One of Zyuganov's chief political strategists, nationalist Alexei Podberioshkin, says that Yeltsin has "accepted 100 percent a liberal Western democratic model. Everything is based on money."
In explaining the difference between Russian collectivism and the Western democratic model, he offers this example:
"It is typical for Russian peasants to live in a community where everyone helps each other.
"If one loses a house in a fire, everyone gets together -- whether it was 10th-century Russia, 15th-century or on the kolkhoz [Soviet state farm] -- and helps rebuild the house," he says.
"But this is unacceptable for Americans to understand your neighbors to have social justice.
"Russia always treated the poor with respect. In Western society the poor are, from a moral point of view, outside the community."
Tradition of suppression
Yeltsin supporters suggest that the "collectivist" tradition the Communists talk about implies Russia's long history of suppression of individual freedom to the autocratic state.
Alexei Pushkov, deputy director of Russian national television Channel 1 and a Yeltsin supporter, says that Zyuganov and the Communists see any concessions to the West as submission to the West.
They paint Yeltsin as a sellout to Western influences of all kinds, from economics to social and artistic issues.
But Pushkov says Yeltsin has a "pluralistic" ability to accept new ideas while maintaining a truly Russian perspective.
Yeltsin's invitation to the third-place presidential contender, retired Gen. Alexander Lebed, to come on board as chief of national security is a perfect example of his democratic pluralism, in Pushkov's view.
A comparison of Yeltsin and Zyuganov platforms shows these key differences:
Zyuganov wants a state-managed economy with a return to price controls and a "diversity" of forms of ownership. Yeltsin wants to continue free-market reforms that would allow private companies to take over state functions wherever it would be more efficient, to complete privatization reforms that would promise every young family the ability to own their own home through "easy-credit terms."
While Zyuganov wants to slow economic integration with the rest of the world, Yeltsin speaks of stepping up foreign economic relations so that Russia can operate on an equal basis with the West.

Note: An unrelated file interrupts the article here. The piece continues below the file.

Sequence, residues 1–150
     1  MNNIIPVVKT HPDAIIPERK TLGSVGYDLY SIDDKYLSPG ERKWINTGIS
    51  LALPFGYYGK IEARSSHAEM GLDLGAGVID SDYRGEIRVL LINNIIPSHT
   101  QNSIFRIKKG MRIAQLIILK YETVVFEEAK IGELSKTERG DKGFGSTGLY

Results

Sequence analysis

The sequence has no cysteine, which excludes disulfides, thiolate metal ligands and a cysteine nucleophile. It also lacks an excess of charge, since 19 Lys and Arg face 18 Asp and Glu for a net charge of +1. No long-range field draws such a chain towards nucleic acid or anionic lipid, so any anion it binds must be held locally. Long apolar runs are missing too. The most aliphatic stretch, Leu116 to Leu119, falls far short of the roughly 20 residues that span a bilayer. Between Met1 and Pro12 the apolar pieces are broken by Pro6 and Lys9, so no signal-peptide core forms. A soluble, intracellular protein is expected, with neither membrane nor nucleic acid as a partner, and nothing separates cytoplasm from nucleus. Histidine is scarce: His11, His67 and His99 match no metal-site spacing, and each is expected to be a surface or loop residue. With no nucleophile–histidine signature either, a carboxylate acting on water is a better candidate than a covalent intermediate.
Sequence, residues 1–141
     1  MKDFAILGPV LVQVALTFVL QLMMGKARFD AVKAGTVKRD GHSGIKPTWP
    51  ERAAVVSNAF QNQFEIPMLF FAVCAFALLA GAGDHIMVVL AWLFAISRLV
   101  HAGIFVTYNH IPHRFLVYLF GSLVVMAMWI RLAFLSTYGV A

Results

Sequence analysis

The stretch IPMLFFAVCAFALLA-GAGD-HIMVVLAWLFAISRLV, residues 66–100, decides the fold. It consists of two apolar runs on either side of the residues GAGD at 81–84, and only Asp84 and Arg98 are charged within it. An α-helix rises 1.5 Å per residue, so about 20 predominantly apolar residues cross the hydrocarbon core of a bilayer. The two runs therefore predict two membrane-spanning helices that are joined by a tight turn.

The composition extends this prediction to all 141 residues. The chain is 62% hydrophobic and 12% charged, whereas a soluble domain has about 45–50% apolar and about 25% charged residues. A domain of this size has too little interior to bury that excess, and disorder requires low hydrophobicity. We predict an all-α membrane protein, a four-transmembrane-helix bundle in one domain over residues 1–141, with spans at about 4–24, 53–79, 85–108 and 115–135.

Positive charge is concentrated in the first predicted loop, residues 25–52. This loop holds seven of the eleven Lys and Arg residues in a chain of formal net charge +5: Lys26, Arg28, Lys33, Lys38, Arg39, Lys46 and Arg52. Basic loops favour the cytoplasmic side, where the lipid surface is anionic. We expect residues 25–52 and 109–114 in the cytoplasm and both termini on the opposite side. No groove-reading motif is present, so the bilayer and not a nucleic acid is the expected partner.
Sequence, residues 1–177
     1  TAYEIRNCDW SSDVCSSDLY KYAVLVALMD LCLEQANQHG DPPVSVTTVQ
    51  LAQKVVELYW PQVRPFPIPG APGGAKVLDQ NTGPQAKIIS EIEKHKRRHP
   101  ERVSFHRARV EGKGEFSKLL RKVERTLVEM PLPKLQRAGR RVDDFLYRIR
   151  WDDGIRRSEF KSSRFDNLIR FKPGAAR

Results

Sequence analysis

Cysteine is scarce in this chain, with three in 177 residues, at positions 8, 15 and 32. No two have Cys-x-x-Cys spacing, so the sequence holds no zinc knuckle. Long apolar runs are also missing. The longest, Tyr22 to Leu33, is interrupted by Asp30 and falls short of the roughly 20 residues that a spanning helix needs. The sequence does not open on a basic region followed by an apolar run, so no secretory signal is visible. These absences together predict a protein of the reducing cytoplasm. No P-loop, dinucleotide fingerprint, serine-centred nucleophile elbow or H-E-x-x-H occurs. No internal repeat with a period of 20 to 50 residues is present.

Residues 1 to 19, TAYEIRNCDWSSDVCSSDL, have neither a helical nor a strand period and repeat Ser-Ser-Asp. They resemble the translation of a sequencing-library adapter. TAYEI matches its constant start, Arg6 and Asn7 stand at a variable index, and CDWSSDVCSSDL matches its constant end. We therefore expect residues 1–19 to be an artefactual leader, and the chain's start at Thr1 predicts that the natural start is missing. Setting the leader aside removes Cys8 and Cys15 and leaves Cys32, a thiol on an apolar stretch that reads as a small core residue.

Yeltsin has proposed professionalizing the army and eliminating the draft, something Zyuganov is diametrically opposed to in his support of Russia's long tradition of the draft and a large &L; standing army to defend the borders.
Neither Zyuganov nor Yeltsin has a strong personal following.
Zyuganov is drab and uncharismatic; his one-third share of the vote in the first round of presidential elections came from Russians loyal to the Communist Party or nostalgic for the security of Soviet times.
Yeltsin -- who once enjoyed hero status for his democratic stand against hard-line coup plotters in 1991 -- won his one-third share of the vote in the first round from those who want a continuation of reform and considered him the lesser of evils on the ballot.
There are even vast differences in the campaign styles of Yeltsin's glitz and Zyuganov's gloom.
Yeltsin has danced at rock concerts, has professional color posters plastered all over the country and has slick television advertising that talks less about what he has done or will do than about the horrors of Communist repression that date further back than the birth of either candidate.
Zyuganov, on the other hand, has mounted a lackluster campaign of door-to-door knocking and deadly dull public rallies.
No gain in Communist vote
Piotkowsky says that Communist strategists are patting themselves on the back for their purely Russian campaign style, uncontaminated by the expensive Western techniques Yeltsin has employed.
But even though the Communists' campaign style worked in December, when the party won the most seats in parliamentary elections, the style hasn't increased the Communist vote since then -- first-round presidential voting showed the party had just about the same support it did in December, not enough to win the presidential elections.
Pub Date: 6/30/96